DESSA ROSE – Interview with Sydney Charles

DESSA ROSE – Interview with Sydney Charles

Sydney-CharlesSydney Charles joins Bailiwick Chicago for the first time with her critically lauded performance in the title role of Dessa Rose. She shares some insight about her character, the current state of race relations in America, and the women in her life that inspire her:

Tell us about your character:
Dessa Rose, what can I say? In many ways, she is your average 16 year old. Full of dreams, loves hard, headstrong, determined, slighty defiant. However, what sets her apart from the teenagers of today, is that she doesn’t feel that she is automatically entitled to anything. She knows that whatever she gets, it is because she fought for it and didn’t rest until she got it and refused any substitute. She is very resilient and strong, but in that era, black women had no choice but to be that way. It was all about survival, and Dessa Rose is the quintessential example of what that is.

What have been some of your challenges (both personally and as an actor) to bringing your character to life?
It is difficult to stay in the mindset of being a slave. Living in the 21st century has somewhat made us forgetful, or rather, we take for granted some of the simple freedoms that we didn’t have in 1848. Something as simple as now being able to have hard soled shoes or being able to stop and take a break when you are tired of working…these are things slaves didn’t and couldn’t have. It makes you very grateful due what you have now.

Racial tension an inherent theme in the show. How do you think racial tension has changed since the 19th century (better and worse)?
This is a very loaded question. I don’t necessarily think racial tension has changed. However, I do believe that it is presented to us in a more deceitful way. Back then, racial tension was more blatant, and although wrong, you knew where you stood in the world. That white person doesn’t like me and I know because he said so, and he chases me, and calls me names to my face. Now, racism is wrapped in…Hmmmmm, how can I say this? Do you remember those chocolate candies that were wrapped in gold foil? The first time you saw one as a kid, you felt like you just won the lottery, only to discover you were bamboozled and this wasn’t what you signed up for or wanted…that’s today’s racism. It is cleverly disguised so that it is more palatable, but it isn’t something you to experience. Don’t piss on my leg and tell me it’s raining…it is just pee at the end of the day.

Another inherent theme in the show is the celebration of women and our lineage. Can you share a story about a woman either in your family or in your life that has inspired you?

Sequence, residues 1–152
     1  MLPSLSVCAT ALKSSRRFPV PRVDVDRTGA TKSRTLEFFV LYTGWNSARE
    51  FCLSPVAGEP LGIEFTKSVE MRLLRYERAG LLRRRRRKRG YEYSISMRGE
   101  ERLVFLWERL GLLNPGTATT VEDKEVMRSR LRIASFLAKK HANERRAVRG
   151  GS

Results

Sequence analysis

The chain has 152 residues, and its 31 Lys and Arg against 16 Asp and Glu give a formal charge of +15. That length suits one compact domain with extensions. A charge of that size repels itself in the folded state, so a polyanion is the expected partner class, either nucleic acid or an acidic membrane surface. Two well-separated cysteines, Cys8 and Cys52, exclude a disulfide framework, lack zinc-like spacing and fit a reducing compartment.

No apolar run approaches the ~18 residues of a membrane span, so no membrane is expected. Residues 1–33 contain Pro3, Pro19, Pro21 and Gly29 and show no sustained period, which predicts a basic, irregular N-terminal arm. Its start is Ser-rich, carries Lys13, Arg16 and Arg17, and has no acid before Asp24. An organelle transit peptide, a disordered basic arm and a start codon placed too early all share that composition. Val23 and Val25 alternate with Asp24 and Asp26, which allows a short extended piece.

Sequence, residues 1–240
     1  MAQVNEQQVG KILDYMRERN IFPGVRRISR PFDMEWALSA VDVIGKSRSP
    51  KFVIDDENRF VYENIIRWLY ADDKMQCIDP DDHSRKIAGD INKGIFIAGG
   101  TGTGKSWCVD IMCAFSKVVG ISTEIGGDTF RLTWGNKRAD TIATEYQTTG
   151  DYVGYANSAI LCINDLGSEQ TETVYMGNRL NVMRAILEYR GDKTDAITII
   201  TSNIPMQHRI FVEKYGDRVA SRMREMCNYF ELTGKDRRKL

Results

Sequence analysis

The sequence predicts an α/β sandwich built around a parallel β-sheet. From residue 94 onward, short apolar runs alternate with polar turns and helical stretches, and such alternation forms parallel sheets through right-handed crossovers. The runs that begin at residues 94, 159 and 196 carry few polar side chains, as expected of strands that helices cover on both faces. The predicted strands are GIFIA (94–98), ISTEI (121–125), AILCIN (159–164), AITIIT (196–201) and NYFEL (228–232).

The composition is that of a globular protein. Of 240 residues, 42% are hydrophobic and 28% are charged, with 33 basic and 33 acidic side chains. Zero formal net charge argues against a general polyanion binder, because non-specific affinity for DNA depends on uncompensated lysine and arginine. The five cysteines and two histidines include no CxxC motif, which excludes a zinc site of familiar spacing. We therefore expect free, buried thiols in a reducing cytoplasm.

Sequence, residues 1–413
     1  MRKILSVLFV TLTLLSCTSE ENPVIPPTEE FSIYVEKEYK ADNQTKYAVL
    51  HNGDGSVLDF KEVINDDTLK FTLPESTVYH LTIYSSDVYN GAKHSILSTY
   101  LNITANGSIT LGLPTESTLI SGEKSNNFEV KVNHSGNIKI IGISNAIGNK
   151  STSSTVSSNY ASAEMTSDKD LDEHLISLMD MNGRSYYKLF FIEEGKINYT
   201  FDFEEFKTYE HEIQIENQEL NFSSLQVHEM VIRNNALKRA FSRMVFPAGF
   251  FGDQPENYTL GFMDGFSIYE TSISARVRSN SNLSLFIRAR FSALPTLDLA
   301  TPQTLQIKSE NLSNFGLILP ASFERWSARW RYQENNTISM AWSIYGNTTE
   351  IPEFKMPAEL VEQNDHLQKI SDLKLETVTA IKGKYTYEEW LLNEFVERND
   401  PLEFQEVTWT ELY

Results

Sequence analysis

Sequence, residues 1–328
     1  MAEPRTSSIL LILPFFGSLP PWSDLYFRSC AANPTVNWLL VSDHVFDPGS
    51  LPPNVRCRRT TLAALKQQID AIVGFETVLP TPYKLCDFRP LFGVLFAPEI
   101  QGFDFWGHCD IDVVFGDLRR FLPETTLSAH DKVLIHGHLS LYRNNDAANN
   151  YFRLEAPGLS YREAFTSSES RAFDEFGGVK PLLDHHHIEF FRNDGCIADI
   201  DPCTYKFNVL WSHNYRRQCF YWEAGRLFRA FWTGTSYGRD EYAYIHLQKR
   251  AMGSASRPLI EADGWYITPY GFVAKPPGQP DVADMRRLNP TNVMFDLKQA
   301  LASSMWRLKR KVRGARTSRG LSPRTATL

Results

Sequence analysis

My grandmother, Mattie. She is the epitome of what a woman should be. My grandfather was murdered when he was 42. My grandmother raised 4 children, on her own, with no government assistance and with a 10th grade education. She has survived heart attacks, hip replacement, knee surgery, two strokes, and has beaten lung cancer twice. She is 82 years old. I mean, do I really have to say anything else?

What do you hope audiences will get out of the show?
I hope audiences walk away with a new awareness of what our history, what American history actually consists of and not what we are fed through basic courses in schools across the nation. Our lineage and our story is much broader and sad and beautiful and complex. I hope that this awareness causes people to stand up more for doing what is right on a basic level, and not doing what is popular or safe. Change didn’t occur in this country from following a trend, it happened because someone had a revelation, something stirred inside them, and it would be impossible to ignore that feeling and continue living in a  world that wasn’t the way they knew it should be. That’s what I want to come from Dessa Rose… An awakening.

Dessa Rose  is adapted for the stage by Lynn Ahrens and Stephen Flaherty from the novel of the same name by Shirley Ann Williams. Based on both fact and fiction, the musical weaves together the stories of two real women, one white and one black, who struggled for different kinds of freedom in an era defined by men.

Performances run through April 5 at the Victory Gardens Theatre – Richard Christensen Space. For more info, click here. For tickets, click here. For a behind the scenes look, follow #DessaRose on all social media channels. 

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